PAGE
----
msnbc.com news services
updated 1/26/2007 12:17:39 PM ET 2007-01-26T17:17:39

The United States on Friday issued a formal rule banning exports of luxury items to North Korea, including jet skis, iPods, jewelry and fancy cars, in an effort to put pressure on the communist leadership in Pyongyang.

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The rule issued by the U.S. Commerce Department details the kinds of luxury goods Washington plans to block under U.N. trade sanctions mandated after Pyongyang conducted a nuclear test on Oct. 9.

Commerce Secretary Carlos Gutierrez spoke publicly about the luxury goods list on Nov. 29. But publication of a formal rule was delayed until Friday so U.S. negotiator Chris Hill could pursue diplomatic negotiations aimed at persuading North Korea to end its nuclear programs, U.S. officials told Reuters.

Those negotiations, which took place recently in Berlin, appear to have made some progress, prompting predictions by Hill and Asian officials that six-country negotiations could soon resume.

The new rule says the United States will generally deny applications to export and re-export luxury goods to North Korea, including luxury automobiles, yachts, gems, jewelry, cosmetics, perfumes, furs, designer clothing, luxury watches, tobacco, wine, alcoholic beverages, recreational sports equipment and electronic software and equipment.

U.S. officials argue that this will help to erode support among the elite for North Korean leader Kim Jong-il, who enjoys the finer things in life and uses such gifts to curry favor with the military while most North Koreans live a subsistence life.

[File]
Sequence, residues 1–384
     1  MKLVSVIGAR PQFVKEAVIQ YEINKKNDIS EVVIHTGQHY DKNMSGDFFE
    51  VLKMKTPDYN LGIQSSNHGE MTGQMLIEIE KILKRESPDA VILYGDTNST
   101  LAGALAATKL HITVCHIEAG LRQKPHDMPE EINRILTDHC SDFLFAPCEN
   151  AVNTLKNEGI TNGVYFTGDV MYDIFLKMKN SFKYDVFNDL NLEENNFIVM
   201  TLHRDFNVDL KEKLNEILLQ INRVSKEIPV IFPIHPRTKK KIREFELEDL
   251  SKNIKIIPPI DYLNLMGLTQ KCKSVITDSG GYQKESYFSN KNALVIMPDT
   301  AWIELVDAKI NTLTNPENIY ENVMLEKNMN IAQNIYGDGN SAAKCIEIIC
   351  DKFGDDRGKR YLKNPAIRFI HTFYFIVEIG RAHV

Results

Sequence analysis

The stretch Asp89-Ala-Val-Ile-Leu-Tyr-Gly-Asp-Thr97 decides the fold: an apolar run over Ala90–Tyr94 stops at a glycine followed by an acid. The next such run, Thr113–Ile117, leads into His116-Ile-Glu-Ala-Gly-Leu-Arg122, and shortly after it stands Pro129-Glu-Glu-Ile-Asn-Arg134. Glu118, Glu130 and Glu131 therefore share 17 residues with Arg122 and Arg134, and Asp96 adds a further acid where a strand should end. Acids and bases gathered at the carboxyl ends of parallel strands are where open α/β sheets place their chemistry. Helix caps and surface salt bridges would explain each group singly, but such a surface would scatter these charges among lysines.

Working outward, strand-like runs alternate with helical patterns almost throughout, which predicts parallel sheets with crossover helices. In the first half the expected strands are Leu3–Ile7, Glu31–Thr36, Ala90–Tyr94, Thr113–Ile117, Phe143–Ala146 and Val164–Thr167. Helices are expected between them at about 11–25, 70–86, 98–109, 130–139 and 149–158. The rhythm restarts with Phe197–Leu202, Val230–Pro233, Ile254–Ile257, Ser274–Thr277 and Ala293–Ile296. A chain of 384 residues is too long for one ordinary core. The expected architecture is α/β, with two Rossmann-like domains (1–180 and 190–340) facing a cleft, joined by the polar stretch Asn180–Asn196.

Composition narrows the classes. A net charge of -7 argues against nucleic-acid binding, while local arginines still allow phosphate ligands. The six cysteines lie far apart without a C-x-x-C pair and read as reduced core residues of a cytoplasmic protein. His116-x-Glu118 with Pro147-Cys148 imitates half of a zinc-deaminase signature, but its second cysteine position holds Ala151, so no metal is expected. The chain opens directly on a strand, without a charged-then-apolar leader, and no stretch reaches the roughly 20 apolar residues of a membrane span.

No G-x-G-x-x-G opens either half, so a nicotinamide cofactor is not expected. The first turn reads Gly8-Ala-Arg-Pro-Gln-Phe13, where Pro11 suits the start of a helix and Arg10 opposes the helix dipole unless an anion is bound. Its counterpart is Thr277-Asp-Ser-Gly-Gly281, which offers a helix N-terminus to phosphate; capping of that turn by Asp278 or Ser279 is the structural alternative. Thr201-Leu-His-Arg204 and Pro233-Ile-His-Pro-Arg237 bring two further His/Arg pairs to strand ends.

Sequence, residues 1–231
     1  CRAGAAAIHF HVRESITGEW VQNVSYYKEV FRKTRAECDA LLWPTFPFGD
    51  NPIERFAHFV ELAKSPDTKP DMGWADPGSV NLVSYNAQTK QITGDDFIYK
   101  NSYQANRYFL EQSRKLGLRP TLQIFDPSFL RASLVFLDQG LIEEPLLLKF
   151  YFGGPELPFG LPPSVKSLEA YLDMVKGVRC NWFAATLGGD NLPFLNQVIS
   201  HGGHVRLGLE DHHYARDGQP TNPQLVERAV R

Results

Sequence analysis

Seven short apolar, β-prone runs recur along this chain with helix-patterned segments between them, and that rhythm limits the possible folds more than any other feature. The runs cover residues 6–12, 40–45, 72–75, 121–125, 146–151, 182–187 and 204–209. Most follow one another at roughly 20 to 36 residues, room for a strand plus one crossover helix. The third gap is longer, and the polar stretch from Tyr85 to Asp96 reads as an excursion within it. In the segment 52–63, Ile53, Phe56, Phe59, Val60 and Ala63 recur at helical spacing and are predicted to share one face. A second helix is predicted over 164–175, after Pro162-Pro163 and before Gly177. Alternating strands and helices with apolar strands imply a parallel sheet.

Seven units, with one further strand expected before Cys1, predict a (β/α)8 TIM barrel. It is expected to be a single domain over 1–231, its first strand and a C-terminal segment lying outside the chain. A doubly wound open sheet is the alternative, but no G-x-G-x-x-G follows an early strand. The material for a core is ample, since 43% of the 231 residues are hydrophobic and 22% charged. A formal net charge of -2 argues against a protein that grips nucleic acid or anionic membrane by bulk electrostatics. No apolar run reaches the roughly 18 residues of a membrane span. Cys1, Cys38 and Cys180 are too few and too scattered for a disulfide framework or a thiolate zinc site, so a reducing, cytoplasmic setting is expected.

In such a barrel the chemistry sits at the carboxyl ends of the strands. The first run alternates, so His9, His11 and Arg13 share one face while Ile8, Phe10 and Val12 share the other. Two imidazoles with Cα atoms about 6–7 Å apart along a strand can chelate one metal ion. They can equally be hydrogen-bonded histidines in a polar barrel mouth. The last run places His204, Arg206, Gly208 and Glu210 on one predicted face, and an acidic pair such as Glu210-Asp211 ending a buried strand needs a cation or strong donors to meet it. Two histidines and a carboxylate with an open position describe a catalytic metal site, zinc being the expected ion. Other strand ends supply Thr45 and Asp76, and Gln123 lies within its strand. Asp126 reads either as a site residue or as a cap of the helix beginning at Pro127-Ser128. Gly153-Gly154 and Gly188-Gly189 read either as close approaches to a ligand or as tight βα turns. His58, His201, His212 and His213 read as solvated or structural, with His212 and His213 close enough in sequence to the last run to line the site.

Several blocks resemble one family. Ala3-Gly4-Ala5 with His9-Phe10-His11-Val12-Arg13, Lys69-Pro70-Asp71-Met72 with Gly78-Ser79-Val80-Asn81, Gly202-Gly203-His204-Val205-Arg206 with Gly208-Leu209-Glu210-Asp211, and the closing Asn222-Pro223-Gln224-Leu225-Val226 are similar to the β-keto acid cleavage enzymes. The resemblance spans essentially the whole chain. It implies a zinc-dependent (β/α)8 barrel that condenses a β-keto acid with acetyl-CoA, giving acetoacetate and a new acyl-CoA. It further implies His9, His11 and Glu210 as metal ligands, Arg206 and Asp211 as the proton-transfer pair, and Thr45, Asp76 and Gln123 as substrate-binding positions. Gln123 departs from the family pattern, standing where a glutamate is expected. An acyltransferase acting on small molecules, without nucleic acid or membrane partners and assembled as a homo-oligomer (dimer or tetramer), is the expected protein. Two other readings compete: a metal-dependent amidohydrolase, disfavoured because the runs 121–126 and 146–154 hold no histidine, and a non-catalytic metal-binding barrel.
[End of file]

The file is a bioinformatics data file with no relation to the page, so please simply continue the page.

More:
The Treasury Department said Friday that the United States and North Korea will meet for a second round of talks next week in Beijing to discuss financial restrictions on the communist regime.

Daniel Glaser, the department’s deputy assistant secretary for terrorist financial and financial crimes who is leading a U.S. financial delegation, plans to meet next Tuesday with his North Korean counterparts, the department said.

Glaser “plans to continue discussions with North Korea on the international community’s concerns about illicit financial conduct, globally recognized standards for operating as a responsible member of the financial community and the financial measures taken by the United States to combat illicit financial flows,” the department said.

Reuters and The Associated Press contributed to this report.

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